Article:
But even the Huskies hadn't coordinated the timing of Drummond's tweet, which set off a maelstrom of media inquiries. UConn had hoped to wait to break the news of his addition once he was enrolled (classes began on Monday) and it had its available-scholarship situation solved. That's the awkward, and unfortunate side to Drummond's announcement: The Huskies technically don't have room to add him to the roster, and he can't be a walk-on, because he was already recruited. Due to APR and NCAA-probation penalties, UConn is limited to 10 scholarships, and it already has 10 scholarship players.

One of Drummond's tweets from the following day -- we have to resort to extrapolating meaning from his tweets, because he was unreachable for comment -- was a non-humble brag about a 104-point move in the iPhone game Words With Friends, accompanied by a screenshot. The word was "decuman," which tends to get used in relation to waves, as in, "the belief that every 10th wave is greater than the others." I had to look it up, and I have no idea if Drummond knows what it means. But he is now the giant wave crashing into UConn's roster, which coach Jim Calhoun will undoubtedly and swiftly contract into nine, so Drummond, a greater post prospect than Hasheem Thabeet or Emeka Okafor, can make 10.

The scholarship casualty is likely to be either 6-10 redshirt freshman Michael Bradley, who could be "encouraged" into walk-on status; or 7-1 sophomore Enosch Wolf, who could suddenly "choose" to play professionally in his native Germany. Bradley lived in what was essentially a Chattanooga, Tenn., orphanage for eight years before arriving in Storrs, and Lynn Jordan, his house mother at the Tennessee Baptist Children's Home, told the New Haven Register that there were "several options the school is helping [Bradley] to explore, [like] how much financial aid he would be eligible for."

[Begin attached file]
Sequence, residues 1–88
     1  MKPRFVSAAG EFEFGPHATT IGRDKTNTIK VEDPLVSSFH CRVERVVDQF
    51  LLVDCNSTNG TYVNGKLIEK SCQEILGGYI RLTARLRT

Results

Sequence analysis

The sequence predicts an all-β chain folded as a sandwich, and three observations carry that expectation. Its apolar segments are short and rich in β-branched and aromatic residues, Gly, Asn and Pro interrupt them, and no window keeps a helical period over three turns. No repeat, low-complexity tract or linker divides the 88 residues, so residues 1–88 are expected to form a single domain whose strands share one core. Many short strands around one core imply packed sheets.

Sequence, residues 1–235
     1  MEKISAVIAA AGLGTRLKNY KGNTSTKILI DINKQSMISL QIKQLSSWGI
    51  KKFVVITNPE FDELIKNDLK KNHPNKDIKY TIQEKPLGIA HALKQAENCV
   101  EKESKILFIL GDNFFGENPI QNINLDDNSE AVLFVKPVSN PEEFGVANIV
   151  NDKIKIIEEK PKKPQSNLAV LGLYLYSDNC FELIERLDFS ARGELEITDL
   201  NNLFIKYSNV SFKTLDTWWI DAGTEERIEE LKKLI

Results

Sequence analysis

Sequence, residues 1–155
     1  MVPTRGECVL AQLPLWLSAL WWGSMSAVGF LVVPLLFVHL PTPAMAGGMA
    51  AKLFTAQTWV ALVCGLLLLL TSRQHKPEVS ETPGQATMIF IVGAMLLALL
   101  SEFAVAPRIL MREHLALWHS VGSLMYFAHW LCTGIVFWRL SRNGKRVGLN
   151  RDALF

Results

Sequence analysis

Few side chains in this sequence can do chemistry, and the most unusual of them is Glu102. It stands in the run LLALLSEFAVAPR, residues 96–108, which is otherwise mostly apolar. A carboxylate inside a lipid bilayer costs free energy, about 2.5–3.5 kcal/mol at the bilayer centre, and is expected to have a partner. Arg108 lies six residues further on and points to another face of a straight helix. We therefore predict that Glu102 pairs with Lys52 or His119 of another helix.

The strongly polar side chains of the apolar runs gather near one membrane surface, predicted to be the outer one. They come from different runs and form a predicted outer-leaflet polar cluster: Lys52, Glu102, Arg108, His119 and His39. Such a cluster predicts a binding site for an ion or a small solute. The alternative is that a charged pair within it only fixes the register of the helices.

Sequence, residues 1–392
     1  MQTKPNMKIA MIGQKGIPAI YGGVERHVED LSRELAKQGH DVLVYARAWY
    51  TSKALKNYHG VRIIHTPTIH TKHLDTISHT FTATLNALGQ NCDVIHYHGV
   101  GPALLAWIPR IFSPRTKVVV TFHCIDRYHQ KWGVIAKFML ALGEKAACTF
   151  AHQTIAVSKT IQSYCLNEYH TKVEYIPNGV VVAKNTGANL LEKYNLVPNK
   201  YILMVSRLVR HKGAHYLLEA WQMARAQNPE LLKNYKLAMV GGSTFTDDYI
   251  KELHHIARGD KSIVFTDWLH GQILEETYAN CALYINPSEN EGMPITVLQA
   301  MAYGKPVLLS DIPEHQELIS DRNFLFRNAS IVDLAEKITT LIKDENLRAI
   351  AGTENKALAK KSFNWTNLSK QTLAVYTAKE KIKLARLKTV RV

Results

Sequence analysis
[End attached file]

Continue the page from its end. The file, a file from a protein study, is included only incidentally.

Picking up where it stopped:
Anything short of a fully inclusive aid package for Bradley would not be a horrible p.r. move, but UConn is not under obligation to honor his scholarship, as the NCAA only forces schools to guarantee full rides on a year-to-year basis. It already does not sit well that UConn will be allowed to play scholarship-substitution games when it's in a crunch, three short of the normal 13 spots, because it failed to meet the NCAA's APR requirements and broke rules in the recruitment of Nate Miles. But Calhoun would not be the first coach to squeeze out a lesser player in favor of an elite recruit. Athletic departments seem to be fine with the short-term criticism on this front, because they know that their fans ultimately prefer to win over all else. When John Calipari took over at Kentucky in 2009, he ran off no fewer than four scholarship players to make room for a monster recruiting class that included Eric Bledsoe, DeMarcus Cousins and John Wall. While there was some hand-wringing about this in the '09 offseason, you didn't hear any Wildcats fans lamenting the decision when the upgraded team finished 35-3, winning the SEC and reaching the Elite Eight.